If an artist applies paint to canvas, but there’s nobody around to see it, did it happen? Not according to Guinness World Records.
Antonio Acosta set out to break the Guinness world record for longest painting marathon on Friday, March 17 — and according to him, he accomplished his goal. But the 40-year-old Oxnard artist met with a few snags during his 72-hour painting extravaganza. A power outage resulted in the cameras used to document his work going offline for 38 minutes, and the witness called in to corroborate those unrecorded minutes never showed. “For 38 minutes I could not prove it,” Acosta explains. If you can’t show Guinness documented proof of every minute of your record attempt, it doesn’t go in the record books.
But Acosta refuses to let a technical snafu stand in the way of his dream. He intends to make a second attempt this weekend, April 7-10, at Corner Pocket Billiards in Downtown Oxnard. “This time around, I’m doubling up on everything,” Acosta says with a laugh.
The current record holder is Roland Palmaerts, a Belgian artist who painted for 60 consecutive hours in Arches, France, in 2013. He accomplished his goal by finishing one painting an hour. It’s a technique Acosta intends to follow . . . somewhat. “The way he did it, it kinda lends itself to painting fast,” Acosta says. “So I’ve been speed-painting, which has been fun. But it’s the staying awake part that is a bit more challenging.”
Acosta intends to paint 72 pictures, of varying sizes, taking inspiration from the city of Oxnard. Eighteen geographic locations will be painted four times each, one picture for each of the elements earth, wind, fire and water. “Each location will be themed,” he says. “Any person who lives in Oxnard will instantly recognize it.”
Acosta is interested to explore how this mentally and physically taxing experience affects his art. “I’m curious to see how my body reacts, and what the quality of the painting will be, the longer it goes on,” he says. He’s hoping a “raw” quality will emerge over time.
Acosta’s route from aspiring artist to painting marathon record-breaker has taken a circuitous route. Born and raised in Oxnard, he spent a few years “living off my artwork” in South Carolina before coming back to California to help his father run the family billiards hall on Figueroa Street. When his father suffered a stroke, Acosta became his primary caretaker until his death in 2013. Acosta now studies art at Oxnard College. Breaking this painting record is a way of honoring both his hometown and its art community.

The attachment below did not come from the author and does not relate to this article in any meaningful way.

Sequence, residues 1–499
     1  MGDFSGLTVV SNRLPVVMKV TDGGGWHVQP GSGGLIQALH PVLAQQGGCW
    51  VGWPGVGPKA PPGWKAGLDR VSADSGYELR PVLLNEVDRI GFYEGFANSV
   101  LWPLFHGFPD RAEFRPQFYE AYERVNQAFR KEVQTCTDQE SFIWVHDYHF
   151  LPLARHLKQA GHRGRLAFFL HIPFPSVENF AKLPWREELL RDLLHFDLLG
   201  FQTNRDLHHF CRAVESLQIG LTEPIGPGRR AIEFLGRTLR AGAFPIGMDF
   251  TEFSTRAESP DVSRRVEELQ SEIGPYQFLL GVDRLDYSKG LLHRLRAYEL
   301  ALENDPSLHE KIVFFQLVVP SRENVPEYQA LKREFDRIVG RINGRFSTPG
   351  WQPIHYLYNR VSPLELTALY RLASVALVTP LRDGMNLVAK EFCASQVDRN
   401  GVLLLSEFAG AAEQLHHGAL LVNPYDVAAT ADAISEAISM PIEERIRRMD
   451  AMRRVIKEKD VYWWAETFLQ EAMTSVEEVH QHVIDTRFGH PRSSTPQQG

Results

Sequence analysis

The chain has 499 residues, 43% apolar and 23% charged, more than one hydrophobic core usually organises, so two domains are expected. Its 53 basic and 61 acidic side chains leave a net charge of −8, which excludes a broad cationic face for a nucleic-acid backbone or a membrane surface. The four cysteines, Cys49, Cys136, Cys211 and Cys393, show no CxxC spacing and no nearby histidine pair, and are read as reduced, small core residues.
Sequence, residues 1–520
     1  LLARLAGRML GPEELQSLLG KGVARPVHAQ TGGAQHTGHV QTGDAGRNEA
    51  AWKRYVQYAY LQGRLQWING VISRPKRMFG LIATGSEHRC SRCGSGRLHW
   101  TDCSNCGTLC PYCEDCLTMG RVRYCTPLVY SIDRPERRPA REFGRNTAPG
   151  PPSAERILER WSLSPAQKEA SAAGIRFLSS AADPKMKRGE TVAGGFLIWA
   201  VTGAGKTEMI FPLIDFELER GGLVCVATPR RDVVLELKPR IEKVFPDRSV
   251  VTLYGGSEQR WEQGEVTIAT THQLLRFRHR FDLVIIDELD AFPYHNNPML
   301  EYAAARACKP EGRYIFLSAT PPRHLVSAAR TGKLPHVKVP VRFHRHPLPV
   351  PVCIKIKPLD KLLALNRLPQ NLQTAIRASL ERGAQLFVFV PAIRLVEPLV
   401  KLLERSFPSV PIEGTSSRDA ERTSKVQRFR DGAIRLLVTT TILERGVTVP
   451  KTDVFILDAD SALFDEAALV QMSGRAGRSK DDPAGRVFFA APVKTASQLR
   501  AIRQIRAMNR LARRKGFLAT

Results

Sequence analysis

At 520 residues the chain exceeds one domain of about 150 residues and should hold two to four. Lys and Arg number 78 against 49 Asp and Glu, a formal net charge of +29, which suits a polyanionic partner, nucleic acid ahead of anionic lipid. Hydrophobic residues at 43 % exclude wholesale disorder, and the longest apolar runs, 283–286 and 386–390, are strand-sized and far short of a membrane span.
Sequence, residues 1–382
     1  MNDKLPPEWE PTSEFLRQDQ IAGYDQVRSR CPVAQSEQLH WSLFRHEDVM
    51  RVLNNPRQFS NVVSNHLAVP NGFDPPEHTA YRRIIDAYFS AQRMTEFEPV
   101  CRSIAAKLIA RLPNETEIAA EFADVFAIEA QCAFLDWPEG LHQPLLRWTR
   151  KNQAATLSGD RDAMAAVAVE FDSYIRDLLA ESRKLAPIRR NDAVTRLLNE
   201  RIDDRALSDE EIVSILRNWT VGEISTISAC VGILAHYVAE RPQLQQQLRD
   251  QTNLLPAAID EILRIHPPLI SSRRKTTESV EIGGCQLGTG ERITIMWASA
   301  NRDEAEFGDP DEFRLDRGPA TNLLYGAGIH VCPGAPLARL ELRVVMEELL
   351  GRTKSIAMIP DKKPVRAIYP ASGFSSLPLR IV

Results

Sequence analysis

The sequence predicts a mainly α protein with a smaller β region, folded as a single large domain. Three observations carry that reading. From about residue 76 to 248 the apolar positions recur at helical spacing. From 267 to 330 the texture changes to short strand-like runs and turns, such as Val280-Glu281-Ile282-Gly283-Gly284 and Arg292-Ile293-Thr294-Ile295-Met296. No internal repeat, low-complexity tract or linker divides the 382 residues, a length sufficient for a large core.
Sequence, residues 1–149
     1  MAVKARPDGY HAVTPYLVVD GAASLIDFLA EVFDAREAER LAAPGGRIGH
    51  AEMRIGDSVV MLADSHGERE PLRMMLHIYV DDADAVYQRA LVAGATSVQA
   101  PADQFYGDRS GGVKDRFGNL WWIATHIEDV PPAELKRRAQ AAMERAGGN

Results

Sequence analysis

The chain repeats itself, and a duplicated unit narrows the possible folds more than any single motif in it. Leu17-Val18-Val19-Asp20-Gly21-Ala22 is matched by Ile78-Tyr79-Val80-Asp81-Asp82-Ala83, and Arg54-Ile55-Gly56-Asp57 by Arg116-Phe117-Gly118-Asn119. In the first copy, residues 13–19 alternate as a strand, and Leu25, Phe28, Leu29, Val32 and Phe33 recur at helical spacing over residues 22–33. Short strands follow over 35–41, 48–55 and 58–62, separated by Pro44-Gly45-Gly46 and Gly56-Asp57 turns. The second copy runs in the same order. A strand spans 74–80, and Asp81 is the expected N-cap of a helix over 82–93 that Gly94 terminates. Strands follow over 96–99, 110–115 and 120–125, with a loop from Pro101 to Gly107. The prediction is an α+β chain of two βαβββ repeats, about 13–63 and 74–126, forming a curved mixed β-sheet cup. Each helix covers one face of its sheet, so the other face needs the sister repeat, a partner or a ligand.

If Acosta accomplishes this goal, he plans to follow up with two more Guinness World Records attempts. He hopes to organize his fellow Oxnard College students to paint the world’s largest painting by a group, with 1,764 people coming together to paint a 300-foot-by-300-foot work of art. After that, he aspires to break the record for world’s largest painting by an individual, taking his brush to an 800-foot-by-300-foot canvas.
But first things first. Acosta’s second official attempt at breaking the Guinness world record for a painting marathon starts this weekend and he is fully focused on this one goal.
“I’m looking forward to doing this, and bringing the record home to Oxnard,” Acosta says.
Antonio Acosta will be painting April 7-10 at Corner Pocket Billiards, 658 S. A St., Oxnard, starting at 9 a.m. on Friday, April 7. For more information, call 832-4503 or visit www.oxnard.org.